Ceremonial flame in front of the Memorial wall

Sheriff Hosts 51st Annual Peace Officers’ Memorial Ceremony

Sheriff Hosts 51st Annual Peace Officers’ Memorial Ceremony 600 750 SIB Staff

Sheriff Villanueva Hosts 51st Annual Peace Officers’ Memorial Ceremony in Virtual, Streamed Event

Despite the circumstances of physical distancing due to COVID-19, the 51st annual Peace Officers’ Memorial Ceremony was observed, to pay tribute to law enforcement partners lost in the line of duty and formally enroll six new names to the memorial wall, located at the Sheriff’s Training Academy and Regional Services (STARS) Center in Whittier.

The Los Angeles County Peace Officers’ Memorial Wall was first dedicated on Friday, May 15, 1970 at Biscailuz Center Training Academy by Sheriff Peter J. Pitchess.  When the wall was first erected, there were 253 names on it; today, it displays 533.  It serves as a constant reminder that we owe these men and women for their noble sacrifice, a debt which can never be fully paid.  The wall is not just a place where we recognize the fallen, but where we also recognize and remember those they left behind.  It is as much in honor of our heroes, as it is for their loved ones who gave the full measure of their devotion and remind us of the sacrifice of the ones who meant so much to them.

Most recently and regrettably lost:

Officer Juan Jose Diaz

Los Angeles Police Department

E.O.W. July 27, 2019

Historical research determined five of the honorees died in the line of duty

between 1886 and 1996:

Deputy Coroner II Michael Anton Shepherd

Los Angeles County Coroner’s Office

E.O.W. April 2, 1996

Deputy Ames Randolph Jones

Los Angeles County Sheriff’s Department

E.O.W. March 31, 1948

Deputy William Bouett

Los Angeles County Sheriff’s Department

E.O.W. February 18, 1913

Deputy Constable Francis Marion Culp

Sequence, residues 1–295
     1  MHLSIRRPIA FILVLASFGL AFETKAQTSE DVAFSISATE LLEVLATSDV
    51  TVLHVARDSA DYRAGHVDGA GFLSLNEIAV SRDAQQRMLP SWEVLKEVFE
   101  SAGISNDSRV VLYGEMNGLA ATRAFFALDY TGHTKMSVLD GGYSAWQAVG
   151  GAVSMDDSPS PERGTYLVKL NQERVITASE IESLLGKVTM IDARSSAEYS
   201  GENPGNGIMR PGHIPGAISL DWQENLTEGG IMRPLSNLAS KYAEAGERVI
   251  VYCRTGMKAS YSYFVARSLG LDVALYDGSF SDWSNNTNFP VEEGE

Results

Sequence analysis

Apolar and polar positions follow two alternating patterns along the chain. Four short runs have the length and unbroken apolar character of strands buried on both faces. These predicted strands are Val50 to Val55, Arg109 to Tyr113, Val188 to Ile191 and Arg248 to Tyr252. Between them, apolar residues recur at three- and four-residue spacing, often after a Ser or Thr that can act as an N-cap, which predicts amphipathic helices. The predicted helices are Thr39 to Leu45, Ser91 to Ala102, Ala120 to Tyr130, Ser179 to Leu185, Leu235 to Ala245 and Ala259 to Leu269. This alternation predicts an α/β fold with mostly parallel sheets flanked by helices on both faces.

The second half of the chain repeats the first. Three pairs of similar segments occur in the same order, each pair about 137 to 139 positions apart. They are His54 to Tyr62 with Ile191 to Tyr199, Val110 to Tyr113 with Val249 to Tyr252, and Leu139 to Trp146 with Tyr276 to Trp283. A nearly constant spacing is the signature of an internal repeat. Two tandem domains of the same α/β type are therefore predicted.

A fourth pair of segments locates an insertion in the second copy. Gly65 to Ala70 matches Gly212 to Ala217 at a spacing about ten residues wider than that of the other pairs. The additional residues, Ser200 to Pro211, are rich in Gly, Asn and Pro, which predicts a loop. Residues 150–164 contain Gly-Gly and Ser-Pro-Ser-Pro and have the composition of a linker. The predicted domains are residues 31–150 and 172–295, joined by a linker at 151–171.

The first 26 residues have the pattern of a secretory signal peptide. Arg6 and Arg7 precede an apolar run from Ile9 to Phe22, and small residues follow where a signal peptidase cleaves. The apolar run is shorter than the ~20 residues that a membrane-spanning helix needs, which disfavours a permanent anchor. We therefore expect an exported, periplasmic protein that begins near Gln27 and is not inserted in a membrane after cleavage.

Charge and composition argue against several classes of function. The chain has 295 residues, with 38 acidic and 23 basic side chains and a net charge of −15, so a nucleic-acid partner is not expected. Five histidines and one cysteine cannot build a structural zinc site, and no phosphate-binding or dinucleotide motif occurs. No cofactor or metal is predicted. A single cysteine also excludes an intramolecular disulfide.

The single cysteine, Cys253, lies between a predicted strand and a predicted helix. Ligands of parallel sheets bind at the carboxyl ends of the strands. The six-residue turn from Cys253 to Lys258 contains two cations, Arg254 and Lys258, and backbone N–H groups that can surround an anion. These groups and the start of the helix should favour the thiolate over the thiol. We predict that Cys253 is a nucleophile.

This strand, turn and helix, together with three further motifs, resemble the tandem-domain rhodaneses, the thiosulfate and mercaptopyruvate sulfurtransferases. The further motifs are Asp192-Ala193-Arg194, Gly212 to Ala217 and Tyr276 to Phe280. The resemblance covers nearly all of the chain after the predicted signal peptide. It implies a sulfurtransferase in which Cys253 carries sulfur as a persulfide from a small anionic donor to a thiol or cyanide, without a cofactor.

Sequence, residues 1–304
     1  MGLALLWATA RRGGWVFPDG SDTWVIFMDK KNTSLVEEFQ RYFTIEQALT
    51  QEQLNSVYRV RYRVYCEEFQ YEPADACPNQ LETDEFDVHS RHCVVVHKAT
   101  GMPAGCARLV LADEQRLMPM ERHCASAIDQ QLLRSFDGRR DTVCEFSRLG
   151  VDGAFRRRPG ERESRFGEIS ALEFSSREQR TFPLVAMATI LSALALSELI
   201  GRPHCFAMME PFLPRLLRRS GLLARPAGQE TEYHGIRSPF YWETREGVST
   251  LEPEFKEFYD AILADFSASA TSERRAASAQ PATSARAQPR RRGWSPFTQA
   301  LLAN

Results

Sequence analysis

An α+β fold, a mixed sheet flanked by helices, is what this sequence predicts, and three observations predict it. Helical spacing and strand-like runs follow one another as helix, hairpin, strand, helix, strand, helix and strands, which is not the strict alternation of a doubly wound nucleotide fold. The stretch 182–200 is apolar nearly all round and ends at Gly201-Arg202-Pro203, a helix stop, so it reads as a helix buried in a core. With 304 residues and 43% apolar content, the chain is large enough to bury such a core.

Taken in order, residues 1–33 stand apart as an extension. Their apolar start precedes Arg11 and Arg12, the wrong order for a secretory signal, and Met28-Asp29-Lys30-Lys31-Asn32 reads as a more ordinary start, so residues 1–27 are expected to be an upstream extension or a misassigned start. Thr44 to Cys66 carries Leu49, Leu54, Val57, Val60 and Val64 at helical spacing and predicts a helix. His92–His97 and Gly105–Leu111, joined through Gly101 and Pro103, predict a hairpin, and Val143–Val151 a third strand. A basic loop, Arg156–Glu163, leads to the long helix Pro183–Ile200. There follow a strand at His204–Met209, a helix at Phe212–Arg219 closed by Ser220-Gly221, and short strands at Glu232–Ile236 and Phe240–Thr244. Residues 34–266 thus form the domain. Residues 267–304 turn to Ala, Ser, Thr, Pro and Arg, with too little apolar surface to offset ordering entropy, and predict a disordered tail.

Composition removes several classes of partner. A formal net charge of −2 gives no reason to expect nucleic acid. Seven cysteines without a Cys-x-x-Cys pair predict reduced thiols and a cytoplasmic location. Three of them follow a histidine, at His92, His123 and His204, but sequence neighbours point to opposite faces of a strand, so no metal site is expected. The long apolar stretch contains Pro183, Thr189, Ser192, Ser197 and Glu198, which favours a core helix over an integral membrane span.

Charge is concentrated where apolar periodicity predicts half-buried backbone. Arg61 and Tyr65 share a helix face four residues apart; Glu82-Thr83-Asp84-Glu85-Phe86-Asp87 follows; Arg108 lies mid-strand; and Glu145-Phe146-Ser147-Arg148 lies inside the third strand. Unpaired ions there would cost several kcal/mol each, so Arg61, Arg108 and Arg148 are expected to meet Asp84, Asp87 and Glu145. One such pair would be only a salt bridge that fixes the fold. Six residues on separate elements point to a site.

Los Angeles County Sheriff’s Department

E.O.W. June 10, 1906

Town Marshal Rudolph Bohn

Anaheim Marshal’s Office

E.O.W. September 1886

Although the ceremony was not attended by spectators, it was livestreamed on social media platforms so family members, current and law enforcement partners of the past, friends, and the public for whom these lost souls fought, could watch.  The ceremony opened with a traditional military-style drummer and bagpipe hymn, and attention to Colors with a solo accompaniment of our national anthem.

A moving invocation given by Chaplain Phil Reeves held four requests from our Lord, to stir our hearts and make us not only better peace officers, but more compassionate humans:

  • Bless us with discomfort when we see others suffer, so He may live deep within our hearts;
  • Bless us with anger at injustice, suppression and exploitation of people, so we may do His work for justice, freedom and peace;
  • Bless us with tears for those we lost, love and dearly miss, so He may heal the families they left behind and turn our pain into joy;
  • Bless us with enough foolishness, to believe that we can make a difference in the world.

Standing at a lectern next to the memorial flame, Los Angeles Police Chief Michel Moore extended his appreciation for the ceremony on behalf of his agency and gave his assurance of support, “We stand with you each day, each watch, but also today, as we mourn those who have fallen.”  He recounted the circumstances surrounding the killing of Officer Juan Jose Diaz and lamented the debt of peace for his loss could never be repaid to his family or colleagues. 

Chief of Coroner Investigations, Brian Elias, Los Angeles County Department of Medical Examiner-Coroner, recounted the loss of Deputy Coroner II Michael Anton Shepherd, who was remembered for his dedication, compassion and respect he showed to the families he served.  “As peace officers, we are unified in our dedication to perform our sworn duties, committed to a life of public service,” said Chief Elias. 

Sheriff Alex Villanueva thanked Chief Moore and Chief Elias for their attendance and kind words.  He conveyed his honor and privilege to learn the stories of the brave men and women who lost their lives in the line of duty, as the nation observes National Police Week.  He recounted why so many of us chose the law enforcement profession, “…when the outcome seems darkest, our ability to save lives, to change lives, to answer the call of those who need our help.  These are the reasons why we recommit ourselves to the oath we have sworn to uphold.”

The broadcast event concluded with a Missing Man helicopter flyover, bagpipe rendition of “Amazing Grace,” and images of the 2020 honorees and funerals for law enforcement officers killed in the line of duty. 

The ceremony was held during a unique, international epoch.  COVID-19 changed the traditional observance of the annual memorial service, but it did not stop us from recounting the memories and honoring the sacrifices of our brave men and women, and their families who lost so much.

Watch Full Event